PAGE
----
Every time I mention “financing,” I encounter people who talk about the evils of credit cards, the merits of cash, and how horrible I am for “giving the bank money.” The fact is, financing or using credit cards does not mean I’m paying even a cent more than I would with cash; it means I’m being picky about how I pay and I’m making informed choices to ensure that I’m getting the best deal.
Over the years I’ve made some big purchases, and though I didn’t always have the cash up front, I wanted to avoid paying interest at all costs. Fortunately, many businesses extend free financing to customers with a good credit rating, and I’ve taken advantage of several offers. Here are a few ways I’ve used free financing to pay the same as I would with cash over a longer period of time.
A few years ago I completed a DIY screening-in of my back porch. The total bill came in right under $400 for the screen, indoor-outdoor carpet, metal framework, and miscellaneous hardware. Home Depot offers interest-free financing for up to six months for purchases of $299 or more, so I qualified. I did have to make minimum monthly payments, but I paid off the entire amount in three months, paying no interest and no extra money.
My porch project was so successful that I decided to (partially) remodel a bathroom. This time I went to Lowe’s, which offered financing almost identical to Home Depot’s. My tab for the bathroom was just over $700, and I took four months to pay it in full. The minimum payment requirement was the same, though I paid more than that monthly; the one catch was that I had to purchase everything at one time, on one receipt. I forgot to buy a can of wall texture spray and had to buy it separately, but that was the only thing I paid cash for.
I’m sure other service centers offer similar deals, but I’m a Firestone fan and their card has come in handy many times. When I drove a much older car in college, I lived in fear of an unforeseen breakdown, and twice I financed some pretty hefty repair bills – absolutely free – for six months, including one when I was traveling alone, out of state.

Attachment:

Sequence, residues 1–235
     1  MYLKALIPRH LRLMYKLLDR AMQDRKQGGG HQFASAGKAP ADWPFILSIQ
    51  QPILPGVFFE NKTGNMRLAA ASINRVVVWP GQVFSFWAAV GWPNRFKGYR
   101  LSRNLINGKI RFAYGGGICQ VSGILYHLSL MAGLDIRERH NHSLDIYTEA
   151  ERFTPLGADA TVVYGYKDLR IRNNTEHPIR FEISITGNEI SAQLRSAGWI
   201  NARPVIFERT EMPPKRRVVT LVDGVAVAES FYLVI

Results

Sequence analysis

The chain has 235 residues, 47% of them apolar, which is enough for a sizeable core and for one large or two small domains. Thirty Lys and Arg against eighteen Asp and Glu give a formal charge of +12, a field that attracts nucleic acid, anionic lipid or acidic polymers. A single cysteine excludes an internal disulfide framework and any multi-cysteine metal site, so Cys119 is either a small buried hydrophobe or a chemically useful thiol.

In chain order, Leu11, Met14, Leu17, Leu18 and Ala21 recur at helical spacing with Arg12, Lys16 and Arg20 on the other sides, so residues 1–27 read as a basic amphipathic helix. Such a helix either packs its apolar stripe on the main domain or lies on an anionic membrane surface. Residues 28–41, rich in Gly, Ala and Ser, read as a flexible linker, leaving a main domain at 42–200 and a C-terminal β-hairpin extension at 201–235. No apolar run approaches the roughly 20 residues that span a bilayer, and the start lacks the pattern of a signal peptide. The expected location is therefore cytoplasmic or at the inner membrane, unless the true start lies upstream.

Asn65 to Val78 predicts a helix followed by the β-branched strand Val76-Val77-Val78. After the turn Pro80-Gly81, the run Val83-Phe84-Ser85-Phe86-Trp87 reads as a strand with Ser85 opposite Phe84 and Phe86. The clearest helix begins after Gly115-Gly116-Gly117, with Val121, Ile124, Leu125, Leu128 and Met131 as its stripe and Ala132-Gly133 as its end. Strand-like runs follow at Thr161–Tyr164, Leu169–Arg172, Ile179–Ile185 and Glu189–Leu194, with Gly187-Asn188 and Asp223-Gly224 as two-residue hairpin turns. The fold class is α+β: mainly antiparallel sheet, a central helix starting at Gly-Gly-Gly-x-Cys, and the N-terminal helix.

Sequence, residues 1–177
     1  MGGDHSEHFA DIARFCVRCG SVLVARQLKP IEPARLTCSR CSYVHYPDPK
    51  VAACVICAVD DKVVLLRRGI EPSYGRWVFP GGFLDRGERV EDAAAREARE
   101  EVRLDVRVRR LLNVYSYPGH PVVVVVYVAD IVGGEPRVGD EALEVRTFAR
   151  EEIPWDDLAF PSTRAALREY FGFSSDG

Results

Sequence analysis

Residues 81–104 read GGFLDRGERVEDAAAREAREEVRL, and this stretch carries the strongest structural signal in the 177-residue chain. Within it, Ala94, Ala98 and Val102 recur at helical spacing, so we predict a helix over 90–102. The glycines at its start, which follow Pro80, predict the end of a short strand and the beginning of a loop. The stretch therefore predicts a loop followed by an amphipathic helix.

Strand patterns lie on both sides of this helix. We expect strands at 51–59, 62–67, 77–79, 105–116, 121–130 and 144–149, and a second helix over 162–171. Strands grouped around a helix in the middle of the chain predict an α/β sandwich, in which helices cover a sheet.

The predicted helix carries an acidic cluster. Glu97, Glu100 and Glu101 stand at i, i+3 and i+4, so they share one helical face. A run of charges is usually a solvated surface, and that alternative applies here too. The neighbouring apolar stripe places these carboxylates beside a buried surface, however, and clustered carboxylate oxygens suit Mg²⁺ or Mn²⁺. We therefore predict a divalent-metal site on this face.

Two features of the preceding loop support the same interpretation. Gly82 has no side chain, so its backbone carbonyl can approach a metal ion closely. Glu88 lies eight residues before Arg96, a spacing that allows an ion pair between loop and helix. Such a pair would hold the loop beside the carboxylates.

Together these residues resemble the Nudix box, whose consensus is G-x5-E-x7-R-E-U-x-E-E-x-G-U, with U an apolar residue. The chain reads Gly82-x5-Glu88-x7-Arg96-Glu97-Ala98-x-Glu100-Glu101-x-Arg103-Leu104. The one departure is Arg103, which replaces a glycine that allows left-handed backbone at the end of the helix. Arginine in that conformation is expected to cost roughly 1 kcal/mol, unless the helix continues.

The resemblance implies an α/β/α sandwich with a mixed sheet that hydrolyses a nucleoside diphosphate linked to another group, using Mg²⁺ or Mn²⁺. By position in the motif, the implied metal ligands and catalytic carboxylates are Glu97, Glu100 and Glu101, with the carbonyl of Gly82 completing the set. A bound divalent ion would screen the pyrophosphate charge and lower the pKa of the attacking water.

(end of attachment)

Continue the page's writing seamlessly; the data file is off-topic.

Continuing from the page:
Rooms-to-Go makes no secret of their extended interest-free financing, and I used it a few years ago to buy a $1200 entertainment center. Their promotions do vary, and I waited a few months till I saw an offer I really liked – two years with no interest. Like most financing, I had to make minimum monthly payments, but I paid off the full amount well within the time frame, so I paid no extra in interest.
Most recently, I’ve discovered the virtues of GE Money, which offers a variety of special financing deals for a number of different businesses, from automotive service centers to wedding dress shops. I happened upon them by accident while financing a sofa (free for 24 months!) at a furniture store, and I discovered I could search for other affiliated retailers on their website. Though probably the hardest to qualify for credit score wise, GE Money offers the widest range of financing options and isn’t limited to a single business.
If you purchase with free financing, there is usually one major catch, no matter who you deal with. If you fail to pay the item off in full during the free period, interest will accrue from the date of purchase, which will cost you a bundle in extra fees. You can also run into trouble if you fail to make monthly payments on time, as that will sometimes cancel your deal. With those things in mind, interest-free financing is a great offer to take advantage of wisely, as long as you have a solid plan to pay the bill in full.
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